As the continent’s academic and research powerhouse, and with collaborations across the globe, the University of Cape Town (UCT) is uniquely positioned to contribute to world economic, environmental and social sustainability. So said Chancellor Dr Precious Moloi-Motsepe during her keynote address at the annual Heads of Mission breakfast, hosted by Vice-Chancellor Professor Mamokgethi Phakeng.
The event on Thursday, 13 February, was the chancellor’s first official UCT engagement – Moloi-Motsepe joined the university on 1 January this year.
Fresh from the World Economic Forum in Davos, Switzerland, where climate change activist Greta Thunberg was the flag-bearer for youth, Moloi-Motsepe said Africa’s future lay with the young who are “vocal, impatient and anxious and somehow feel let down by our generation”.
UCT’s challenge is to consider the role of higher education on a continent with the fastest growing youth population in an era of technological transformation, “at a moment in history where our industrial actions can spur disaster or a prosperous future”.
“One example I am passionate about is the clothing and manufacturing sector. We established African Fashion International to ensure that the local knowledge expertise can be brought into the fashion ecosystem and create more jobs in our country.
“For centuries, Africa’s opportunity was seen solely in the extraction and export of resources, and it was precisely this need for mineralogy- and geology-related skills following the discovery of gold and diamonds that grew a once modest University of Cape Town into this leading African institution we see today.”
She cited the US$2 trillion fashion industry as an example of where education and research could make a difference.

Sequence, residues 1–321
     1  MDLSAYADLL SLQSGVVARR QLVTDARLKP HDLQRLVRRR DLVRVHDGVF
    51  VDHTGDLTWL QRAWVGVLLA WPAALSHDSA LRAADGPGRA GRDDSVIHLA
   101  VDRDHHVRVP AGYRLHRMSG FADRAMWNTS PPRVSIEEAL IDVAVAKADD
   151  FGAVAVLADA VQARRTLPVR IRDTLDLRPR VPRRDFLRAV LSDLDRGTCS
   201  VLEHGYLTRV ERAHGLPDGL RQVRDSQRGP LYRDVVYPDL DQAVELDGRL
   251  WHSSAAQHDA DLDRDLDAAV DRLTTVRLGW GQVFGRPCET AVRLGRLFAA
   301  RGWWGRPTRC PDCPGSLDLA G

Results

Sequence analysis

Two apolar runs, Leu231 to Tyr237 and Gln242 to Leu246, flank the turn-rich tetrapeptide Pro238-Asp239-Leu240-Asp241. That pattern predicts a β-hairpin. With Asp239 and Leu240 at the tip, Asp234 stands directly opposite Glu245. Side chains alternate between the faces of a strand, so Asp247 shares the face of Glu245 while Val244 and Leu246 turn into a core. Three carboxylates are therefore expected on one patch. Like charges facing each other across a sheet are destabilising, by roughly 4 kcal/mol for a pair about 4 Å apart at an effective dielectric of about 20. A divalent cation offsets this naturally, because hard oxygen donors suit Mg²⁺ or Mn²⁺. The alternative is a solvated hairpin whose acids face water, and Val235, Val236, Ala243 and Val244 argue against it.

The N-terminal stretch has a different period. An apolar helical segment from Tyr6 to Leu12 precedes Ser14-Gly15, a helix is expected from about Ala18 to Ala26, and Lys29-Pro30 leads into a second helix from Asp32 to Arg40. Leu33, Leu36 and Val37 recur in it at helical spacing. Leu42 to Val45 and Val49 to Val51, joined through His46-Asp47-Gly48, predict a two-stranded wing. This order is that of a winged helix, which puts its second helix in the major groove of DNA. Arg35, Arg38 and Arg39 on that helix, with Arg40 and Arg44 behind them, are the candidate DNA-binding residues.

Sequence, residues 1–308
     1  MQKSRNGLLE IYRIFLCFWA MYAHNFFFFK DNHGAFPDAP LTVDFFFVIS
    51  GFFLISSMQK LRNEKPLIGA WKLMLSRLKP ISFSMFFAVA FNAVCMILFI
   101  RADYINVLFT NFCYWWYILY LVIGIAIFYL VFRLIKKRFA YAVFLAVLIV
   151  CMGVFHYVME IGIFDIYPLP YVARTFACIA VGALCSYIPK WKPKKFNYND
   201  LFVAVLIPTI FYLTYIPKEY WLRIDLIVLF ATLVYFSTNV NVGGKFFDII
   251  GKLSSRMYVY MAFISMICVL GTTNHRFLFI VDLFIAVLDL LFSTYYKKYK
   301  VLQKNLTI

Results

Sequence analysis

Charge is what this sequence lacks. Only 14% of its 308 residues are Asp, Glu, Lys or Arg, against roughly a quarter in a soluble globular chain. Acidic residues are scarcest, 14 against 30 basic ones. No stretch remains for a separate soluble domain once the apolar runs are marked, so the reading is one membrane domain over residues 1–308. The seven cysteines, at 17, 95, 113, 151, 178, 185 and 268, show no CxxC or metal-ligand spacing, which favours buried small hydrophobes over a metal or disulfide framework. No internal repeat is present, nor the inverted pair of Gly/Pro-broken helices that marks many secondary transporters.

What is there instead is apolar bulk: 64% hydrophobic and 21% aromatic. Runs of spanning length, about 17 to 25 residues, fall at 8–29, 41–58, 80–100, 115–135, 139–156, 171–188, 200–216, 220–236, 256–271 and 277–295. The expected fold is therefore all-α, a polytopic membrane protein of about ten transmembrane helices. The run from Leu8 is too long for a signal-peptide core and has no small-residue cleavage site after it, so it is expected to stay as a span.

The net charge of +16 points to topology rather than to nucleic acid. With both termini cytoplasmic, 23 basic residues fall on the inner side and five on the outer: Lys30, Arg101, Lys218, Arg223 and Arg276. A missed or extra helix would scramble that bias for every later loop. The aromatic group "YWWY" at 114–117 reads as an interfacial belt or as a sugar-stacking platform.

“Research and skills development around organic, biodegradable clothing is what the global fashion industry is searching for, and with that a possibility of reinvigorating local clothing manufacturing.”
Winning student entrepreneurs
In highlighting economic sustainability, Moloi-Motsepe pointed to the many UCT student entrepreneurs and the university winning the 2019 Entrepreneurship Intervarsity.
“This is the expertise we need to guide us … If the work of the future is expected to change, we require African innovators who can thoughtfully acknowledge the impact of technological and scientific breakthroughs, especially in low-income countries.”
She said that many of UCT’s graduates were first-generation degree holders and, by nurturing their contributions, Africa would be able to realise its goals and leapfrog into the Fourth Industrial Revolution.
“We require African innovators who can thoughtfully acknowledge the impact of technological and scientific breakthroughs.”
“These people know first-hand what needs to change in South Africa and they are committed to helping bring that change. As future academics and researchers, they will have the knowledge, resources and expertise to push beyond the boundaries of tradition and old thinking.”
Practices of inclusion
Moloi-Motsepe said economic sustainability would depend heavily on practices of inclusion.
“To bring about equality we have to investigate the root causes and invest in a pipeline of diverse, young leaders in areas where their perspective has been lacking.”
One example of this is the Vice-Chancellor’s Advancing womxn awards, worth R22.5 million over the next five years. The first five grantees were announced last year.
Intra-university collaboration between different thought fields is vital to achieving social sustainability, which Moloi-Motsepe defined as “the survival and growth of community life”.